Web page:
New Delhi: State-run oil companies are expected to rack up revenue losses of Rs 1.3 trillion ($26.4 billion) in the fiscal year ending March 2012, making it difficult for them to borrow from banks, oil minister S. Jaipal Reddy said on Wednesday.
Reddy said he hoped a ministerial panel to review prices of fuel sold at subsidized rates will convene before the next parliament session that is likely to begin on 22 November, and added that oil firms are free to fix prices of petrol.
“We should not overestimate financial capacity of our oil companies. Our oil companies will find it difficult to get loans from the Indian banks and later foreign banks,” Reddy told reporters on Wednesday.
The combined debt of state-run oil retailers - Indian Oil Corp, Bharat Petroleum and Hindustan Petroleum - rose 23% since March to Rs 1.19 trillion ($24.31 billion) in August.
On Tuesday, state-run Hindustan Petroleum Corp Ltd (HPCL) said it was considering raising petrol prices within the next two weeks to cut down on retailing losses.
The oil refining and marketing firm posted a quarterly loss of Rs 33.6 billion ($548.4 million). Last week, its fellow state oil product seller Bharat Petroleum Corp Ltd (BPCL) posted a loss of Rs 32.3 billion.
India freed petrol prices in June 2010, but still subsidizes diesel, which accounts for about 70% of all petroleum products used in the country. Prices for diesel, kerosene and liquefied natural gas (LNG) are regulated by the government in India, forcing oil firms to sell at losses. The costs of these price caps have climbed as international oil prices have risen.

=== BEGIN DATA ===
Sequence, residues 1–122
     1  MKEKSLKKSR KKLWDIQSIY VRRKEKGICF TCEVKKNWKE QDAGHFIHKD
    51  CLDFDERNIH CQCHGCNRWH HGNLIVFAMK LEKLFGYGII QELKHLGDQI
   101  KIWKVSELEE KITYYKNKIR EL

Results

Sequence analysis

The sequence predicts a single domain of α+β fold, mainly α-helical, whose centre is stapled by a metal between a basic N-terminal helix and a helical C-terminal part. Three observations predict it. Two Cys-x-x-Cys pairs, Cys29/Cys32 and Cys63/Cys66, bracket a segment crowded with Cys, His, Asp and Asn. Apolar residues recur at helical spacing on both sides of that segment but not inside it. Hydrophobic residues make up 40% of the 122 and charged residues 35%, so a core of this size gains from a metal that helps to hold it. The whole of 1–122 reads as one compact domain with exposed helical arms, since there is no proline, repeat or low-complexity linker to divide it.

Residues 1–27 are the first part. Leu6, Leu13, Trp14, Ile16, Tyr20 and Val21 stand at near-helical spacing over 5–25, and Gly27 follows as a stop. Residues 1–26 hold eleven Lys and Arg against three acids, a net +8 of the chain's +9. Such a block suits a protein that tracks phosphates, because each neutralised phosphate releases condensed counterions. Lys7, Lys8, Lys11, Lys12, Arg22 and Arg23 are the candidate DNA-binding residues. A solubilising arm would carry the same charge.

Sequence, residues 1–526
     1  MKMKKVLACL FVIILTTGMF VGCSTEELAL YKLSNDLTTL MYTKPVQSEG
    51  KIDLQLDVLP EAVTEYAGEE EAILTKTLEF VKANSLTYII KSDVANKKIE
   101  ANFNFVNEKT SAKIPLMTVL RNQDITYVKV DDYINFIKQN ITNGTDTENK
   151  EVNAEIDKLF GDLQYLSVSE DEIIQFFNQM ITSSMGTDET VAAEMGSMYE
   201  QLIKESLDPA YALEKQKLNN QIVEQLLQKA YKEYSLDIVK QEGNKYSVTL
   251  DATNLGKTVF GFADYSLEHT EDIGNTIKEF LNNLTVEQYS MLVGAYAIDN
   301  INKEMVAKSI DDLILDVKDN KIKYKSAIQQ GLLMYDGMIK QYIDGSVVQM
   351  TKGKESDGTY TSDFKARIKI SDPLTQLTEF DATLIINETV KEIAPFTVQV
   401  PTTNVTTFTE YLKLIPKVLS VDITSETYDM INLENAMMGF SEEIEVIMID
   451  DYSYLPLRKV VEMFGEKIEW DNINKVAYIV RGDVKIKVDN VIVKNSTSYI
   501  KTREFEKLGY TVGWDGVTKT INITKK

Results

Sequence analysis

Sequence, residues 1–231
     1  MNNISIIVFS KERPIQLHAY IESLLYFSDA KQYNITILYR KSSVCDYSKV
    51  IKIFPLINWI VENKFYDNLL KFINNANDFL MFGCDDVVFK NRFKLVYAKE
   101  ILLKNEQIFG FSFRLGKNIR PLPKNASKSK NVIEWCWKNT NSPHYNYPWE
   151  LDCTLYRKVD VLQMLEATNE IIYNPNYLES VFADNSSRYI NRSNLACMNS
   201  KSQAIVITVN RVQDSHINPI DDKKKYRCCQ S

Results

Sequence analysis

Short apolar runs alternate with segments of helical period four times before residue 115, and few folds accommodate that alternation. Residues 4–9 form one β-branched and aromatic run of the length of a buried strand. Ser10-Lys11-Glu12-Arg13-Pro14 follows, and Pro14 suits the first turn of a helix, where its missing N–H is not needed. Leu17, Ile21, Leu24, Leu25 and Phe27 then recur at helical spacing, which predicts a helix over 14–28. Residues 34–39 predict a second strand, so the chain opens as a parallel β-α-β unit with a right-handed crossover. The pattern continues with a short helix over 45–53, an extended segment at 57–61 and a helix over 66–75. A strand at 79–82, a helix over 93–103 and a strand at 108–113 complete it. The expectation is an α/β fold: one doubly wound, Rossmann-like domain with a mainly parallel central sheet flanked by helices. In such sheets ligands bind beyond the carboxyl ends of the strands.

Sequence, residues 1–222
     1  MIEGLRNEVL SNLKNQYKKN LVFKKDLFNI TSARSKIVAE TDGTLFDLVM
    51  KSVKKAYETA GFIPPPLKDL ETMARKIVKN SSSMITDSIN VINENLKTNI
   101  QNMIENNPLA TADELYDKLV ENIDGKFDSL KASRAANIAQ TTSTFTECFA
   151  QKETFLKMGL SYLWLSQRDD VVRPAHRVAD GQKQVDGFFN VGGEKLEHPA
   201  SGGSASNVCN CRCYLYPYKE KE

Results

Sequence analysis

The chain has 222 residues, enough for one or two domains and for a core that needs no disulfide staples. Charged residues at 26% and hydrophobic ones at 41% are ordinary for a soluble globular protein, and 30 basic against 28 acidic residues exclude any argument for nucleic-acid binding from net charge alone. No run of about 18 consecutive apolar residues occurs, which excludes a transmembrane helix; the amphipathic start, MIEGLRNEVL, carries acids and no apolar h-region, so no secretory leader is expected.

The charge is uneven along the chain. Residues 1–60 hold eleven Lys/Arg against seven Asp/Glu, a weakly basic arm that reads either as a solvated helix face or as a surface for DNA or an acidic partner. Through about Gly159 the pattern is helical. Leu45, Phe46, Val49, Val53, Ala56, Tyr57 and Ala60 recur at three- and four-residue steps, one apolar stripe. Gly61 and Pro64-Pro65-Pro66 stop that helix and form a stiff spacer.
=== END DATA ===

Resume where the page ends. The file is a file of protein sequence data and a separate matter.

Reddy said he has asked for the ministerial panel to take a comprehensive view on the oil sector, but said increasing prices was a difficult decision.
“To take a decision on diesel, kerosene and LPG is not an easy affair. We will ask for review of prices but how much any democratic government can take harsh decisions,” he said.
India’s inflation barely budged in September, staying above 9% for the tenth straight month, driven by a jump in fuel and power prices.
India needs to raise controlled prices for diesel to cut oil firms’ revenue losses on retail sales, adding such a move could happen when inflation starts moderating, the Prime Minister’s economic adviser C. Rangarajan had said last month.
State-run oil companies have asked the finance ministry for an additional Rs 280 billion cash compensation to partly compensate retailers for revenue losses on fuel sold at subsidized rates in April to September, oil secretary G. C. Chaturvedi separately told reporters.
The finance ministry has agreed to pay cash compensation of Rs 150 billion to oil companies for the April-June quarter losses, although the amount is yet to be released.